Dealing with contract disputes
Falling out with someone you can do business with emotionally draining, costly and time-consuming. Sometimes there is a break in the future. On other occasions your relationship may be successful. In either case, if you have a good deal, it's possible to sort things out.
Olexandr Kyrychenko , commercial dispute resolution lawyer with IMD Solicitors explaining the basics.
First step, check the contract
If you, your supplier, do not act as a contractor, do it yourself.
A well-drafted contract will act as a contractor in the context of a contract; any disputes.
Second step, determine how serious the breach is
Any failure to comply with the terms and conditions of the breach to understand the ramifications. Sometimes the breach will be in the middle of the contract and claim compensation. On other occasions the breach will not be serious enough for a small amount of compensation.
The consequences will have to be breached. Credentials will categorize the terms to be terminated.
I am looking for the right place, but it is also possible for me to be in the right position. So, for example, if there is a delay in the project with a deadline of £ 10,000 in lost business.
It is important to be aware that the contract is in progress. Where this happens any right is still to be lost.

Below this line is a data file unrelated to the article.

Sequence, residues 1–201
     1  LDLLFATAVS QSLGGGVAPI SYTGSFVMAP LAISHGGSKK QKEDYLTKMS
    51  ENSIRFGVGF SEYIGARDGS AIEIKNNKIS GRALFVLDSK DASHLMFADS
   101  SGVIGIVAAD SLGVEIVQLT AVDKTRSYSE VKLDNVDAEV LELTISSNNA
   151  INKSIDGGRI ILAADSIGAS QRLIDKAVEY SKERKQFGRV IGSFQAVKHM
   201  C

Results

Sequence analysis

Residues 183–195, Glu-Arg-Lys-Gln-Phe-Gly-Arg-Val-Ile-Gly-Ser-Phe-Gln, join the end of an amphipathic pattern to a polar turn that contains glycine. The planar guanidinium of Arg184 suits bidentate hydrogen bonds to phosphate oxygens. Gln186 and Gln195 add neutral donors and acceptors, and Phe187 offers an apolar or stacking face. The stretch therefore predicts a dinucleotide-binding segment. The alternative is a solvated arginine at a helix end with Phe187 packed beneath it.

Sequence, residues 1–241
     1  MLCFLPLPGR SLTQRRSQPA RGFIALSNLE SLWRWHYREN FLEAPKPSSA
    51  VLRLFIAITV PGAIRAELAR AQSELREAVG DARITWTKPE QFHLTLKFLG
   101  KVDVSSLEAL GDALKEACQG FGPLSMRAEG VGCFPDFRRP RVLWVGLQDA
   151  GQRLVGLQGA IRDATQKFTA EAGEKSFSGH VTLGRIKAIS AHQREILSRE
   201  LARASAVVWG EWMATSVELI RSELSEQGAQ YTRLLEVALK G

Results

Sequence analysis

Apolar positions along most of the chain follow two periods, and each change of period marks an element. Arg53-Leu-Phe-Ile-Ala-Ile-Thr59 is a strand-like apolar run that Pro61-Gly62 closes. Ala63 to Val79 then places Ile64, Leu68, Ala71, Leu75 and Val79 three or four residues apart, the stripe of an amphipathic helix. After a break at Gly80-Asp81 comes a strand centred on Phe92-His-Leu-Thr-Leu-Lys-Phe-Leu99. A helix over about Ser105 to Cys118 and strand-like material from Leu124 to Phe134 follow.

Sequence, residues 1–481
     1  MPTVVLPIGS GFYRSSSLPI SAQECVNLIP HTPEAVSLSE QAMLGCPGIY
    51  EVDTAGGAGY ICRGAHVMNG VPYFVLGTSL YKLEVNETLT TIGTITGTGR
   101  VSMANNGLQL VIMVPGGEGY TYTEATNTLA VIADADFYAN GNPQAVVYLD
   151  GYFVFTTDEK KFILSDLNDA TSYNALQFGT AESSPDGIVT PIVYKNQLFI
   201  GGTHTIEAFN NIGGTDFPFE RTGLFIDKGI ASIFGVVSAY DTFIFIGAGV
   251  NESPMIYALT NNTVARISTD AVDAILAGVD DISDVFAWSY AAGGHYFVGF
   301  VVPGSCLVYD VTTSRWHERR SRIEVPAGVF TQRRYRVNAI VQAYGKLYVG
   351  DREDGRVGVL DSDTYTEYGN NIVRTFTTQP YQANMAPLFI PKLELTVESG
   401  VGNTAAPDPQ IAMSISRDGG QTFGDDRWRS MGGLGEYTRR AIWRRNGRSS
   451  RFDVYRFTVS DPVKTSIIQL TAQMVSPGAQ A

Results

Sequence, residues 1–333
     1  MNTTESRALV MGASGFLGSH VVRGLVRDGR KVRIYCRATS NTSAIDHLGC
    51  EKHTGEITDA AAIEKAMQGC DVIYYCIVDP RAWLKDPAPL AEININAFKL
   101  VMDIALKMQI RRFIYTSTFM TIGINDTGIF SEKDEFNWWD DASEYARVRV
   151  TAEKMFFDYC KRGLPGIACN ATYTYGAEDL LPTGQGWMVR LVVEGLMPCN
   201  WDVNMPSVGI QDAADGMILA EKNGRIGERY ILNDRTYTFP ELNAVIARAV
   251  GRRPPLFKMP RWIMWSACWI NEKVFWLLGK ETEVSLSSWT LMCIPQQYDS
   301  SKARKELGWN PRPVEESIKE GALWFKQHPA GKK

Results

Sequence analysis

Third step, think about possible resolution
It is not uncommon for commercial contracts, and an increasing number of consumer contracts, to provide for disputes to be resolved without the need to go to court; for example, by stating that negotiation or mediation should be tried first, or by compelling the use of arbitration or adjudication.
Avoiding court where possible is always advisable as court proceedings can be costly and time-consuming. However, in appropriate cases the court can provide an effective way of resolving contract disputes, particularly those that are very complex. Court proceedings may also be needed where the payment of compensation is not an adequate remedy for the breach that has occurred. This might be the case where, for example, you want to force your supplier to perform a specific act, or you want an agent to refrain from doing something that is causing you damage.
Even where court action proves necessary, hopes of a mutually acceptable resolution should not be abandoned. Your solicitor may be able to negotiate an appropriate settlement.
Fourth step, think about costs
Contract disputes can become protracted, especially if you decide to make a stand on principle. Positions can become entrenched and costs can begin to spiral out of control. This is where your solicitor can help, by enabling you to see things objectively and from a commercial perspective.
It is also worth bearing in mind that if the dispute cannot be resolved amicably and the matter ends up before a court, the general rule is that the losing party will have to pay the winning party’s costs. You may be rubbing your hands together at this point if you think you are likely to win, but in the majority of cases the costs you get back rarely reflect the true costs that have been incurred, particularly when you consider the disruption to your business.
If you are involved in a contract dispute, please contact Olexandr Kyrychenko on 0333 358 3062 or email